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Inside Vanguard Natural’s Deficiency Payment Plan

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Vanguard Natural’s liquidity position

Vanguard Natural Resources’ (VNR) liquidity position deteriorated in the second half of 2016 after it completed its second borrowing base redetermination on November 3, 2016. The borrowing was reduced to $1.1 billion from $1.32 billion.

Before this reduction, VNR saw a borrowing base reduction in May 2016. The partnership had $1.35 billion of outstanding borrowings under its credit facility and $2.9 million in outstanding letters of credit as of September 30, 2016. This resulted in $225 million in deficiency payments.

VNR monetized its certain hedge position to pre-pay $29.3 million of remaining deficiency resulting from borrowing base redetermination in May 2016 and $37.5 million in first monthly payments under the new borrowing base deficiency.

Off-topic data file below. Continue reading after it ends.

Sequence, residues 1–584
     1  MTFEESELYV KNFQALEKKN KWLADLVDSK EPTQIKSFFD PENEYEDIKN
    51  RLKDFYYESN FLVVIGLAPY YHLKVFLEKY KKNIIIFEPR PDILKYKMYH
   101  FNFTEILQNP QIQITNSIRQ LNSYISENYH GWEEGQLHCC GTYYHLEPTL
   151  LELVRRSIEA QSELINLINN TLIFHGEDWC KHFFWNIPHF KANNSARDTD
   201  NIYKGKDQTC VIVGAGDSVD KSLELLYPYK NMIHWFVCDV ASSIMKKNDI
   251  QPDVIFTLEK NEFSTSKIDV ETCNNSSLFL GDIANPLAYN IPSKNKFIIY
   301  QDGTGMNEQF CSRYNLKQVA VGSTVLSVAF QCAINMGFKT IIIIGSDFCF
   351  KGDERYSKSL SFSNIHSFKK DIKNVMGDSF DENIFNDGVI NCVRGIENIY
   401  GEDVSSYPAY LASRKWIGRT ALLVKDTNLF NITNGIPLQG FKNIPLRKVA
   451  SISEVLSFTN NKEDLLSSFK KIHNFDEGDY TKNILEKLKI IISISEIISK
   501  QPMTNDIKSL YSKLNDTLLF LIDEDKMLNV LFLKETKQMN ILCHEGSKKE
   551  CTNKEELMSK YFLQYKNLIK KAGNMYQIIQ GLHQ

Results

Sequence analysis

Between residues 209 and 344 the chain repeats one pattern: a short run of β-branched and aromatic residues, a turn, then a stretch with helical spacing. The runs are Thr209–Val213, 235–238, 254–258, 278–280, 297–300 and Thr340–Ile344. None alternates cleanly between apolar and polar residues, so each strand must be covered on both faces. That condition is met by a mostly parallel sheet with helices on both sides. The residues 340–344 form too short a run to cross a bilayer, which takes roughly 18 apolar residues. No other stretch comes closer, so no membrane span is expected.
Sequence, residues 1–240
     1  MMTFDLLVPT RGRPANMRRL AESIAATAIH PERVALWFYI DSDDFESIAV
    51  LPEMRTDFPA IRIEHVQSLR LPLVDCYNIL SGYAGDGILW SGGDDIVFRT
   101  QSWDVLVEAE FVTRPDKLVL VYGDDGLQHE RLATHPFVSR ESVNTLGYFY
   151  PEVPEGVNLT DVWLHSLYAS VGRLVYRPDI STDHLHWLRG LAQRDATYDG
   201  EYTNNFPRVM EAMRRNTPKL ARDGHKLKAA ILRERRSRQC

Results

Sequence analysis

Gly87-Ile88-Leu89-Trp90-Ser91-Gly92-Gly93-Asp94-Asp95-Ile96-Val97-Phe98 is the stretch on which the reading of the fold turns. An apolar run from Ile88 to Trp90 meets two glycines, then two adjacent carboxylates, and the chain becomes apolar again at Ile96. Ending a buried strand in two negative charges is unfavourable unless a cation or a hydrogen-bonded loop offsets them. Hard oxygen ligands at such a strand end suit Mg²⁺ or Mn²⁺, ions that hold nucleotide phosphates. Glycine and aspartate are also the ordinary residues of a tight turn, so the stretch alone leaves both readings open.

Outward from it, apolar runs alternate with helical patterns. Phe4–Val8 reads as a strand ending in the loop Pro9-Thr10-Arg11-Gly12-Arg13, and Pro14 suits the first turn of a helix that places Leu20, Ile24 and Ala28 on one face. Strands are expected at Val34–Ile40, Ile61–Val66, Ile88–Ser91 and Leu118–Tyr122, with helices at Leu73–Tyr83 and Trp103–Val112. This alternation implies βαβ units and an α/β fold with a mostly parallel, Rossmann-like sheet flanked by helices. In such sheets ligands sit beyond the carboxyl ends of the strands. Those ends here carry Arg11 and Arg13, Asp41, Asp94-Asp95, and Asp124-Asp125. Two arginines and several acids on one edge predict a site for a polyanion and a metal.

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How VNR is planning to make deficiency payments

The partnership expects that the excess cash flow in 2017 will not be sufficient to repay the remaining deficiency amount of $187.5 million. According to the company’s 3Q16 earnings release, “Refinancing or restructuring our debt, selling assets, reducing or delaying our drilling program or seeking to raise additional capital through non­traditional lending or other private sources of capital will be necessary to satisfy this requirement in order to be back in compliance under the Credit Agreement.”

Notably, Legacy Reserves (LGCY) recently announced a $300 million term loan from GSO Capital Partners to boost its liquidity. (For details, check out the Market Realist series Legacy Reserves Has Announced a $300 Million Term Loan.)

Where the industry stands

The problem of bad financial position is not limited to Vanguard Natural Resources. Peers including Legacy Reserves, Memorial Production Partners (MEMP), and EV Energy Partners (EVEP) are facing a similar or even worse situation.

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